ways.


********************************************************************
Embed Inc, Littleton Massachusetts, http://www.embedinc.com/products
(978) 742-9014.  Gold level PIC consultants since 2000

2011\03\25@121531 by Isaac Marino Bavaresco

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Em 25/3/2011 12:48, .....alan.b.pearceKILLspamspam@spam@stfc.ac.uk escreveu:
>> Interesting, this is THE PICLIST and my PIC post didn't receive any
>> response yet, although there are several ongoing discussions under other
>> tags.
>>
>> The PIC tag got just 2 messages in the last 36 hours.
>>
>> Perhaps it's time to change the name of the list to "OT: random
>> discussions loosely related to technology."
>>
>>
>> Isaac
> Yeah, it is a bit like that.
>
> My immediate reaction on reading your first post was 'have you checked the code in the Microchip application code library'?
>
> After all Microchip do have two boot loaders, one serial and one USB, and I understand the latter is pretty robust, although I don't have any experience with it. A look through the code does seem to say it ought to be alright though.


The boot-loader is not yet finished but I did some tests in the real
hardware today, and they show that the word-programming works.


Best regards,

Isaa

2011\03\25@122646 by Olin Lathrop

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Isaac Marino Bavaresco wrote:
> The boot-loader is not yet finished but I did some tests in the real
> hardware today, and they show that the word-programming works.

I have done bootloaders for dsPIC parts.  These have to erase a whole erase
block at a time.  My bootloaders then write whole write blocks within each
erase block.  So far that seems to have worked without incident.  I don't
see why a bootloader would want to write individual words.

I think that could wear out the flash faster too.  It's possible that each
word write effects the whole write block.  If a write block is 32 words in
size, then writing each word individually may stress the flash as if the
whole block were written 32 times.  I don't know if this is true, but I can
certainly see how it could be.

Again, word writes don't make much sense for a bootloader.


********************************************************************
Embed Inc, Littleton Massachusetts, http://www.embedinc.com/products
(978) 742-9014.  Gold level PIC consultants since 2000

2011\03\25@125316 by Harold Hallikainen

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{Quote hidden}

I've had a 24H bootloader working for several years. I wrote assembly
routines that I call from C. The routines are:

_ReadFlashLocal:
; 32 bit input passed in W1:W0, 32 bit result returned in W1:W0
       mov                W1,TBLPAG
       TBLRDH        [W0],W1                                                        ; high byte of contents into W1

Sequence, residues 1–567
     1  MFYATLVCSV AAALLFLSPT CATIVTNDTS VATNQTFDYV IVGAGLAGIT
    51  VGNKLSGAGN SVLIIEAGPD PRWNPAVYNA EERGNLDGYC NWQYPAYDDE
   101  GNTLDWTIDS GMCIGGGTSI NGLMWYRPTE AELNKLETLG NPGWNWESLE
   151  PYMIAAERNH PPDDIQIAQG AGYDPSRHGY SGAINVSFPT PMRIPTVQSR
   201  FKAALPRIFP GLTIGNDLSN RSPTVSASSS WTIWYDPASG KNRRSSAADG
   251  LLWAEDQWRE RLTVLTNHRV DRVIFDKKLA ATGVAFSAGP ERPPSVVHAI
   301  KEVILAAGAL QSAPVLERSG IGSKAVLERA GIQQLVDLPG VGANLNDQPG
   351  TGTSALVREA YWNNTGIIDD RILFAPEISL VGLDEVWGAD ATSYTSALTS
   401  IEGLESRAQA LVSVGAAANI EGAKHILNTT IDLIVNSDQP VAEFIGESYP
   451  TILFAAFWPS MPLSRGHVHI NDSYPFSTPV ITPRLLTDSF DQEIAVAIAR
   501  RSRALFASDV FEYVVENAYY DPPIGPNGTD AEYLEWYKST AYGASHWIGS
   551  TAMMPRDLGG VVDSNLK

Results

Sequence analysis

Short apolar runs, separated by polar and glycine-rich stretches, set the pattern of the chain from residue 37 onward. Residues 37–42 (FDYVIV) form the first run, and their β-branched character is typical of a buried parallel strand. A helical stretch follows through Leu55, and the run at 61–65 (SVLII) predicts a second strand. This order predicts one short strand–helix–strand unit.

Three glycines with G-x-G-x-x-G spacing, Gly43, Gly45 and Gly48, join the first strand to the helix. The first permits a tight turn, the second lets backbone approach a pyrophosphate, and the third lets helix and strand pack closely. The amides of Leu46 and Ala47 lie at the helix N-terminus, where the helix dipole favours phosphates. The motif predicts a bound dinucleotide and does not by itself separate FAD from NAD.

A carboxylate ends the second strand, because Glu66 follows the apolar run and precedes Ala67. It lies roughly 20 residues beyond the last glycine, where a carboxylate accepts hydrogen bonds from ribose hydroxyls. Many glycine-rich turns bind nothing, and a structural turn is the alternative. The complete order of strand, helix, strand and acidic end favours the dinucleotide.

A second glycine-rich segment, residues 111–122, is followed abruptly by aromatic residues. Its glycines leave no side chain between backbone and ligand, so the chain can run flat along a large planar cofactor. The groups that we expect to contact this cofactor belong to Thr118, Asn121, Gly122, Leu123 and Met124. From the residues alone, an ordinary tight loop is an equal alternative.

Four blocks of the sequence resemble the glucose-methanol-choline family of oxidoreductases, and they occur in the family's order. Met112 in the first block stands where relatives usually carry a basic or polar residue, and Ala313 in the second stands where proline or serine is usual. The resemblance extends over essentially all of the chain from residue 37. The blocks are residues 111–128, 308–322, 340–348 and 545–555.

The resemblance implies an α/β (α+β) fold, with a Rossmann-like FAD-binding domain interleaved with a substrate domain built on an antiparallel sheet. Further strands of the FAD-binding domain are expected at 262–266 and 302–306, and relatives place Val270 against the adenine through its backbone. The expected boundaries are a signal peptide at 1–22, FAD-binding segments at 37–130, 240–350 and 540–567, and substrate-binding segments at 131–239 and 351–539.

TBLRDL        [W0],W0                                                        ; low word into W0
       return

_UnlockPM:
; Unlock Program Memory
       push        w0                ; save it
       disi        #5                ; disable interrupts for next 5 instructions
       mov                #0x55,w0
       mov                w0,NVMKEY ; first part of magic number
       mov                #0xaa,w0
       mov                w0,NVMKEY ; second part
       bset        NVMCON,#15        ;start write
       nop
       nop
       btsc        NVMCON,#15
       bra                $-2                        ; write not done yet, go again
       pop                w0                        ; restore it
       return

_EraseFlashPageLocal:
; Pass in a 32 bit address in w1:w0. This will erase 512 instruction
locations (1024 addresses). For erase, the address bits are interpreted as
; pppp ppoo oooo oooo where p is page, and o is offset. Therefore, the
10lsb of the address passed in to this routine have no effect, but are
; used here to provide a consistent interface (always pass in a 32 bit
address).
       mov                W1, TBLPAG                ; set up the page
       tblwtl        W0,[W0]                        ; a dummy write in the page we are going to erase
       mov                #0x4042,W0
       mov                W0,NVMCON                ; set up for page erase
   call        _UnlockPM                ; go do the erase
       return

_WriteFlashWordLocal:
; Pass a 32 bit address in W1:W0 and a 32 bit value in W3:W2. This writes
the data to the write latch but does not actually program the chip. 64 24
bit words
; can be written before you have to do a WriteFlashRow.
       mov                W1,TBLPAG                ; select the page we're going to write to
       TBLWTL        W2,[W0]                        ; write low byte of data in w2 to offset pointed to by w0
       TBLWTH        W3,[W0]                        ; write high byte of data in w3 to offset pointed to by w0
       return

_WriteFlashRowLocal:
; No arguments are passed in. The row to program is determined by the